Why Hustle Culture is Toxic

Maddie Bataille


December 29, 2021

As much as the next person I feel the pressure to prove myself worthy in society. As the saying “hard work and determination” goes, it will get you anywhere. I question that because I believe it is said in ignorance of a patriarchal white society.

I digress, “Hustle” culture is, according to urban dictionary, “The glorification of working very long hours in hope of reaching one's professional goals while having a disregard for their health, and relationships with loved ones.”

Hustle culture affects everyone, but it also affects the different identities in many different ways. As a woman, hustle culture is based on what I can and cannot achieve. Because I am a woman, these are my limitations, so. I feel like I need to surpass myself.

What this ultimately leads to is a feeling of being burnt out and depressed. And then feeling impending guilt for feeling that way. Feeling like a failure for not being able to stay on top of all the things I want to do at once.

It is a hard wall to hit once you actually do hit it. In all truth, I started this three weeks ago and had to stop because of how busy the rest of my life was.

That's what Hustle Culture does to you, it makes you feel worthless for not being able to get things done.

For me, I notice I constantly compare myself to my peers. When I see that they go to a new club meeting, or apply for an internship, or new job, it starts to make me question if I am doing enough.

Something I have noticed is that people like to show off how busy they are. I think this is a result of our social lives being so vulnerable through social media. However it has created a competitive nature in the way we keep ourselves occupied.

Simply, I personally always feel like I am never doing enough. Or at least I am never doing enough that can be credible to my resume, education or career. After all, I can't put “does yoga everyday” on my resume.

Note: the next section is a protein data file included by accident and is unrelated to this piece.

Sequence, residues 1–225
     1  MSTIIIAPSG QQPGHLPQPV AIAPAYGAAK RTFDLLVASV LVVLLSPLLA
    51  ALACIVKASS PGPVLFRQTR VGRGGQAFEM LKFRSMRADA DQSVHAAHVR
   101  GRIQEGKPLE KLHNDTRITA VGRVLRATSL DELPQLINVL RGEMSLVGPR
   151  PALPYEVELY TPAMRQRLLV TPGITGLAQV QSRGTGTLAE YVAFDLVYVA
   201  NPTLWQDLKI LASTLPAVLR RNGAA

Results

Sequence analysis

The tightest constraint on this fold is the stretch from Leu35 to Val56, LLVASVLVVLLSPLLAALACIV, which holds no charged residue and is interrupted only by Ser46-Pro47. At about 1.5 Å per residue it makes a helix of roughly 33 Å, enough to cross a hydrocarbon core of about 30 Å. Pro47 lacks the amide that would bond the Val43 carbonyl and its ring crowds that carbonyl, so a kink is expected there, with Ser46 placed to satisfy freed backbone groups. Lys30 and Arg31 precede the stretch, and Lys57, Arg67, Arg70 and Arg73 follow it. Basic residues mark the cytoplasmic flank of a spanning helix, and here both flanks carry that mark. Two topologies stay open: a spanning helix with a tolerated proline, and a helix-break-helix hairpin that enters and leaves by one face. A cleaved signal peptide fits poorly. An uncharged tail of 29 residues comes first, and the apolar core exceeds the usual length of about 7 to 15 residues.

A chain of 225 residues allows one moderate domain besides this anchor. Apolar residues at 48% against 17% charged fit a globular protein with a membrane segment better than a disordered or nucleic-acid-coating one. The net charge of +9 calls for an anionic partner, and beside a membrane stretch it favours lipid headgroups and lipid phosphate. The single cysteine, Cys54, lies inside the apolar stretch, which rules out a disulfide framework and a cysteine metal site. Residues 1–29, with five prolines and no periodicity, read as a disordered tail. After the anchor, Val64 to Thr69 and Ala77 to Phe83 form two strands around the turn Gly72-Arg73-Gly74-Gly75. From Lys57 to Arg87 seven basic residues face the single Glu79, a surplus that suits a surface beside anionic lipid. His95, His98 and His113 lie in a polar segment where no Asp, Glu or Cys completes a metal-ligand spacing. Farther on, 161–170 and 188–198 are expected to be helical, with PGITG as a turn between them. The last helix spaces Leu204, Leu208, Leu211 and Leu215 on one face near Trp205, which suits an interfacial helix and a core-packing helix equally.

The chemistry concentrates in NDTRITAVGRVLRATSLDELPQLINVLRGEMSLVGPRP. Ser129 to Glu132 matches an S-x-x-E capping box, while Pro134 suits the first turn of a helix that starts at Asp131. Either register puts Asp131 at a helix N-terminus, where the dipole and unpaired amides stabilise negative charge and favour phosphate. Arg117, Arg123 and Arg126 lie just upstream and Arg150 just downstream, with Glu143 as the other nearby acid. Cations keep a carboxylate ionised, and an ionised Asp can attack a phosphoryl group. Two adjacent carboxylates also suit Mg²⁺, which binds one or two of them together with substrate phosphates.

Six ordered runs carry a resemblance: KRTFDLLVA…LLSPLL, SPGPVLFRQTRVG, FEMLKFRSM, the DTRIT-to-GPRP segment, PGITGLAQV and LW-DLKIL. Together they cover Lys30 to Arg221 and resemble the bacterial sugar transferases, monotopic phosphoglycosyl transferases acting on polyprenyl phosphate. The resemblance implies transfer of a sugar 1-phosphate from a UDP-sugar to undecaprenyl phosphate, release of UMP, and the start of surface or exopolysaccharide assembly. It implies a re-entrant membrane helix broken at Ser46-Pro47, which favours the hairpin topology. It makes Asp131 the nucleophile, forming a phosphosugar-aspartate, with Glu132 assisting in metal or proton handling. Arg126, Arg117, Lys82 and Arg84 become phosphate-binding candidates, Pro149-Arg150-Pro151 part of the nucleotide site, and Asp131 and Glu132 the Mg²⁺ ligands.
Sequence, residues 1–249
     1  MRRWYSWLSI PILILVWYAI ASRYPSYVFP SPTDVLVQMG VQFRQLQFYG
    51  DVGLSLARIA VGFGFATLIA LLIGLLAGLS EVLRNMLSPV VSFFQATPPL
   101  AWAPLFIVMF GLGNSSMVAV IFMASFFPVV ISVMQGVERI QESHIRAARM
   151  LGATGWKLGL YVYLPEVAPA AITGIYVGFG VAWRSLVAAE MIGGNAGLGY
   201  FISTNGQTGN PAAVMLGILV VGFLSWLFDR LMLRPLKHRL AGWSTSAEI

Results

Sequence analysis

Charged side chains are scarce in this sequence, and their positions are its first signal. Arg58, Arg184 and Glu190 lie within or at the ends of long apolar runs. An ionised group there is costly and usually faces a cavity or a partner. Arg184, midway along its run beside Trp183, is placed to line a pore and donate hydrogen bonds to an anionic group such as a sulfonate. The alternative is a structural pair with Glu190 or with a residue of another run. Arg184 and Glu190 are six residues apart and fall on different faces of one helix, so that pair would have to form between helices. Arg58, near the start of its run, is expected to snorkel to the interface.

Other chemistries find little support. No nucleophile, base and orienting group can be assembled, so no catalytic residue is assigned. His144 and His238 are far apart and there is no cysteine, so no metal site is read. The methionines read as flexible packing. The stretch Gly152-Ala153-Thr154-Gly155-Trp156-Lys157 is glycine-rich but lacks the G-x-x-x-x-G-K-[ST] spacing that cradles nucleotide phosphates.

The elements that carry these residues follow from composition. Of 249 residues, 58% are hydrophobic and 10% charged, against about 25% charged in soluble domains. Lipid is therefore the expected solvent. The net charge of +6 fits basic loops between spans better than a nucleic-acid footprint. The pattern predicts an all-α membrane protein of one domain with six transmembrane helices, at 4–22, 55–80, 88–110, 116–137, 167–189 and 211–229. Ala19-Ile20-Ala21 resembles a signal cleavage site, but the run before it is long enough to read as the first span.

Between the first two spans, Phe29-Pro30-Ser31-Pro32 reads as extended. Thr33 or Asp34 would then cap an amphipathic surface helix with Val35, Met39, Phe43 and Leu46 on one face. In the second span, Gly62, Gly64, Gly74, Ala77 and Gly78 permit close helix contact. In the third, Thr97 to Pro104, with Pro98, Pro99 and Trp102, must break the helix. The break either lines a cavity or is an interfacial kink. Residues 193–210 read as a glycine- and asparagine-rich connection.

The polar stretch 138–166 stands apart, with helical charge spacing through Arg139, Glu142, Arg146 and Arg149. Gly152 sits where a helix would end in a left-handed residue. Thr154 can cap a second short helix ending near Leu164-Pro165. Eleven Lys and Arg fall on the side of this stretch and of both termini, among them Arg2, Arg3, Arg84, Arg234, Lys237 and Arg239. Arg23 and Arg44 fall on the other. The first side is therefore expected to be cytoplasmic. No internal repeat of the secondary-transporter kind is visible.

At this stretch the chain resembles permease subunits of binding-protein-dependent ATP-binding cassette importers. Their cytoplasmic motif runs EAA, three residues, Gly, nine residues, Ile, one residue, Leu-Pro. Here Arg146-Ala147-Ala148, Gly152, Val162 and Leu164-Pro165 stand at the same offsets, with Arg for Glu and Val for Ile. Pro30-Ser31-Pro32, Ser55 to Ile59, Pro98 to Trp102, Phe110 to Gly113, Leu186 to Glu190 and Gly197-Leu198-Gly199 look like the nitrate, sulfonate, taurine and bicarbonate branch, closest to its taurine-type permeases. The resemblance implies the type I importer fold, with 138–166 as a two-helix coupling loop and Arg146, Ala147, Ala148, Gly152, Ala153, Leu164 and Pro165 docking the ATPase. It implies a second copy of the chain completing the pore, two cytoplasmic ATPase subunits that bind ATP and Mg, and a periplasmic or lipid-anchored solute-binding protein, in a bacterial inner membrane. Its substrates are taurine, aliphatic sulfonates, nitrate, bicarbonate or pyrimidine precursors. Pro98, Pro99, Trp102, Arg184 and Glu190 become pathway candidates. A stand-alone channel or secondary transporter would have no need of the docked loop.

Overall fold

This has made me feel like I need to turn my hobbies into something profitable in some sense. Which then defeats the point of having hobbies. It no longer becomes fun; it becomes work.

Since we live our lives showcasing our highlight reel of life through social media posts, daily vlogs, and living through the screen, we feel the need to be chasing that excitement, throughout the rest of our lives. It’s almost like a drug, where we are chasing that high.

I think for a lot of people they feel an emptiness when they are not doing something, or doing something productive like they are wasting their time. I know way too many people who feel like they have their time wasted when they don’t get what they want out of a situation. And that can leave people feeling very ruined.

And the truth is that there is such beauty in the mundane things. It is so amazing when people can sit in a room with no distractions and just be present. They are intimately sharing their time, which is one of the most raw forms of human experience.

I feel so bad that our generation has lost that. However, I feel like there are people in GenZ who are making an effort to dismantle hustle culture.

The views, opinions, and stories expressed in Promly Garden articles are those of the authors and do not necessarily reflect the official position or policy of Promlyapp.com. We aim to give Gen Z a voice and welcome articles and opinions from Gen Z contributors who want their voice to be heard. Please send any articles, poetry, or artwork you’d like to see published on the Promly Garden to heypromly@promly.org.

With immense gratitude, the Promly Team.

Maddie Bataille

Maddie is a junior at The University of Rhode Island and she is studying Journalism and Spanish with a minor focus in Gender and Women's Studies. She is from Long Valley, NJ. She is passionate about social issues such as discussion in gender, feminism, race and LGBTQIA rights. She focuses on well being in many different areas of her life from physical to mental. She loves to do yoga and meditation to keep herself grounded. She enjoys being creative in her free time, including painting or journaling.